From out of the West they rode, a posse of self-styled sheriffs thundering from one county seat to the next in the pursuit of law and order. It was a scene from the old West, except . . .
It happened only a few weeks ago.
The posse came from Westminister, Md.
They rode in pickup trucks and jeeps.
Their leader was a construction worker.
This peculiar saga began late last year when a band of townsfolk in and around Westminister in Carroll County decided to organize their own law enforcement group, modeled after the sheriff's posse of an earlier age. The real modern-day law enforcers in Maryland didn't take to this idea, however, and challenged the posse's status in court.
Bruce Groff, the elected posse captain who works construction in Westminster, struck back quickly. He sent his men out to every courthouse in the state -- from La Plata to Salisbury to Cumberland -- and there had them file property liens against almost every district and circuit court judge. t
Property liens usually are filed by individuals who believe someone else owes them money. The lien is a legal claim against the alleged debtor's property pending resolution of the debt. Groff's plan was that the property liens, totaling millions of dollars, would disqualify the judges from hearing the state's case against the posse.
Luckily for the attorney general's office, which was bringing the case against Groff's band of men, the posse missed at least one Maryland judge in its trail across the state. That judge was secretly assigned to head the case. As might be expected, he swiftly threw out all the property liens and declared that the posse's activities were illegal.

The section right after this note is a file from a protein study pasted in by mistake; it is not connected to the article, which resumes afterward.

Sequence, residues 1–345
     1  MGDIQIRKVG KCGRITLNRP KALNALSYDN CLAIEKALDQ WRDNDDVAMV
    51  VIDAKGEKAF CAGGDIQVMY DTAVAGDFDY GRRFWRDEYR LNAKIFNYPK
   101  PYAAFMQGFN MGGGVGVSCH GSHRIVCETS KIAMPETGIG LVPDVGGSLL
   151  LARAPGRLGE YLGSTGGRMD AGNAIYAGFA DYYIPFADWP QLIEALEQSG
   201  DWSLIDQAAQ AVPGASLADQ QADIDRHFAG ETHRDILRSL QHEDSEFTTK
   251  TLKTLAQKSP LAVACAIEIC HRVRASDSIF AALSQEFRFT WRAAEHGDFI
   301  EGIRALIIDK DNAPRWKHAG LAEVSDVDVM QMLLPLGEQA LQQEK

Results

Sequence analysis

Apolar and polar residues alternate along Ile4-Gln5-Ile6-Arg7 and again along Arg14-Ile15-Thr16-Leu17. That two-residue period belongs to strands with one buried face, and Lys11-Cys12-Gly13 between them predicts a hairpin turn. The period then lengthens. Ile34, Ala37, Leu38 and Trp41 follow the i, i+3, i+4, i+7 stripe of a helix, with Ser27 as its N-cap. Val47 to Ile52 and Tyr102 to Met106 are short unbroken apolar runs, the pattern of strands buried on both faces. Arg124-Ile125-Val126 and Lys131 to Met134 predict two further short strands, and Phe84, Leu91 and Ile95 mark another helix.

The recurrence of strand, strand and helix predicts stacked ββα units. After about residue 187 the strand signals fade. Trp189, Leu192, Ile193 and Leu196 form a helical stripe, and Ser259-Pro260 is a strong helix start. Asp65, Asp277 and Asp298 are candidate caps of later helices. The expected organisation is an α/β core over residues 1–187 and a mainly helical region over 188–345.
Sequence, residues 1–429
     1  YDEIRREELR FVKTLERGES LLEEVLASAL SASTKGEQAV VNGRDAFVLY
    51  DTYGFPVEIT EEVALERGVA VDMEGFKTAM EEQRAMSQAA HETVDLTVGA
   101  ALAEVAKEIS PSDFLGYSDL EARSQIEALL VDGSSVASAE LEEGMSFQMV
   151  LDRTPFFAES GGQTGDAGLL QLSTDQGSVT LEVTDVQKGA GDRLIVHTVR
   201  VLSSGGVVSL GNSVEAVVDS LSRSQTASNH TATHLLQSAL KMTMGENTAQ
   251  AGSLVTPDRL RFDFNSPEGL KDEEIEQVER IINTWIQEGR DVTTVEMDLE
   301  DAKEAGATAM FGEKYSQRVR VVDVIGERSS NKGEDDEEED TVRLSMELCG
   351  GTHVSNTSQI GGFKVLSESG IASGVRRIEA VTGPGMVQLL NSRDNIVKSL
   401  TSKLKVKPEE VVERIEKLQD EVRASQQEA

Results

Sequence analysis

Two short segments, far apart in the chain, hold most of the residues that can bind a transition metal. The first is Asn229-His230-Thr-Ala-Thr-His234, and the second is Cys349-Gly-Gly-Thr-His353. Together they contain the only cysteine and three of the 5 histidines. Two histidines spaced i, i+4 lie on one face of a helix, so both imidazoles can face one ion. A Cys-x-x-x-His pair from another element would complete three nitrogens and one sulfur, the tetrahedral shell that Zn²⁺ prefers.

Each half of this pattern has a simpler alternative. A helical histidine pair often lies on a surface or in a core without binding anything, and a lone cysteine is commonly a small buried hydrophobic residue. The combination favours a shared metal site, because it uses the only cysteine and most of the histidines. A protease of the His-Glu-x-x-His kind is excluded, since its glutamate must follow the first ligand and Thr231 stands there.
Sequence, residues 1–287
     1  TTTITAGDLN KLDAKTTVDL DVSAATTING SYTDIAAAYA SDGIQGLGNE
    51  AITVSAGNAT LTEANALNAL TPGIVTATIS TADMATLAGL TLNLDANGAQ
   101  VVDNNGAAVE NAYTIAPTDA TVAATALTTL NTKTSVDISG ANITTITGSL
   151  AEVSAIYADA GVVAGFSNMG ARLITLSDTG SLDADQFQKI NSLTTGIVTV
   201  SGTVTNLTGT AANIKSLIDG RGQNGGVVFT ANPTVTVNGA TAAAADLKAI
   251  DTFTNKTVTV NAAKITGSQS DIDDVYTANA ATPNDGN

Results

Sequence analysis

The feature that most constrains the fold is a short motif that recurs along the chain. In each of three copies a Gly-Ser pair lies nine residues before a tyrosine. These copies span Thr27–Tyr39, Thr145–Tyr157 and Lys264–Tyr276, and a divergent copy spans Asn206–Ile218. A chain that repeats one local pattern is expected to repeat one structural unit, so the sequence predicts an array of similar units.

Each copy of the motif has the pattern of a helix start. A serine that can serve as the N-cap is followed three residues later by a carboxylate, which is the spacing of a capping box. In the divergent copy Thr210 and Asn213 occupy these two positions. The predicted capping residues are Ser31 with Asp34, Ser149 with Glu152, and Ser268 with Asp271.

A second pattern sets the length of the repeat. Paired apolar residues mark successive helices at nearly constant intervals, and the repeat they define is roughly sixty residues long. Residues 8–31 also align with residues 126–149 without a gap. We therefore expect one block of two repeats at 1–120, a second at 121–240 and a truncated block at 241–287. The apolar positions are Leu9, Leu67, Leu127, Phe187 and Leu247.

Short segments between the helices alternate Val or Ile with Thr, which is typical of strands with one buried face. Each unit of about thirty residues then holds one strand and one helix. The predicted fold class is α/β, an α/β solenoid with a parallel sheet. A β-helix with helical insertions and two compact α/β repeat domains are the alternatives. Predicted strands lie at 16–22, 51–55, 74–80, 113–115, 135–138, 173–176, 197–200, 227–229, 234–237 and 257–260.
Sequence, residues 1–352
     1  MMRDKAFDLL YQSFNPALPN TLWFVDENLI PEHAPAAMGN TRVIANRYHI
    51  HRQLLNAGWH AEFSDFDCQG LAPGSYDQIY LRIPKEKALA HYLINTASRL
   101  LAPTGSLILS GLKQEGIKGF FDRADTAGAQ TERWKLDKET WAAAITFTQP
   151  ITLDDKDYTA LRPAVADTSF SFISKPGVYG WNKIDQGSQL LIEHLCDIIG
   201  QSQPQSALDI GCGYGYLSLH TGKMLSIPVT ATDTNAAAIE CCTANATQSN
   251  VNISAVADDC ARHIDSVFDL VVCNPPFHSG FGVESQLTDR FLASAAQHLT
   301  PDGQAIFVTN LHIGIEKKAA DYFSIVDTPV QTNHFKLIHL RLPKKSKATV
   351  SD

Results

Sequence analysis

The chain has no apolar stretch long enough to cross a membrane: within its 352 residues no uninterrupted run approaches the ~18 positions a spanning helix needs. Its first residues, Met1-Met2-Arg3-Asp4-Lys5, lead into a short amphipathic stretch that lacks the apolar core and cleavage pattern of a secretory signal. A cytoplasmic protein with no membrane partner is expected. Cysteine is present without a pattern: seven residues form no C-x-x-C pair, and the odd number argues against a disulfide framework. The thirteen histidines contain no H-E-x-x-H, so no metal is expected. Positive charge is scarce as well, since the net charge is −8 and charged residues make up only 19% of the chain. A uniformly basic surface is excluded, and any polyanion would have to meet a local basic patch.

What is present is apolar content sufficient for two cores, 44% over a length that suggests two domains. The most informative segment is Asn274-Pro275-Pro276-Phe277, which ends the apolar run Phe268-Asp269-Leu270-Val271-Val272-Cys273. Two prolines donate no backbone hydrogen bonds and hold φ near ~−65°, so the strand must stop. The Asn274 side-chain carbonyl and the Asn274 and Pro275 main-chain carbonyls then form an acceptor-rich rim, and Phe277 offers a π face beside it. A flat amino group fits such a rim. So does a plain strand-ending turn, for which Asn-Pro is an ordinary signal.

According to Groff, the posse counts some 150 local men among its members. It was organized last December, he said, as a nonviolent law enforcement group of conservative persuasion. He noted that several posse members had been invited to address the local Ku Klux Klan on the subject of constitutional law.
"Our basic function," said another posse leader, the Rev. Buck Harris, "is to wake up our local government here. The law's been broken piece by piece as people lose their constitutional rights in favor of socialized government."
The posse alleges that Maryland officials have violated the constitutional rights of citizens by taking away most law enforcement powers from county sheriff's departments. As a means of protesting this, the posse filed common law property liens against several Carroll County officials.
When the state decided to challenge these liens in court, the posse filed liens against the judge assigned to hear the case. Another judge was then assigned to the case, but he, too, was hit with a lien by the litigious posse.
The process spread like a forest fire. Soon nearly everyone of Maryland's 200 judges had received notice from the posse that property liens were being filed against them.
The judges were accused of violating the posse's constitutional rights through "outrageous conduct; conspiring with the President and Congress of the United States to violate the United States Constitution." In addition, the posse's legal papers referred to the state judges as "pettifogging shysters."
Groff apparently had learned this technique of thwarting the judicial process from conservative groups in other parts of the country. There have been several reports in recent years of such groups filing common law property liens against officials of whom they disapprove. The liens, frivolous as they may appear, can prevent officials from obtaining bank loans and can damage credit ratings.
When the judges of Maryland were served the legal notices, they anxiously forwarded requests for assistance to the state attorney general's office. Robert C. Murphy, the chief judge of Maryland Court of Appeals, issued a memorandum asuring the unnerved jurists that the state would represent them to court.
One of the few judges whose name did not appear among those hit with property liens was secretly chosen to hear the case. This judge's name was not revealed until the morning the case was to be heard.
Judge Eugene M. Lerner of Anne Arundel County heard the case last Friday and issued his opinion invalidating common law liens in Maryland. His ruling left Groff and his posse unhappy, to say the least. Groff said he has taken the case to the FBI office in Baltimore. If the FBI doesn't assist the posse, he said, then he'll simply sue the United States government.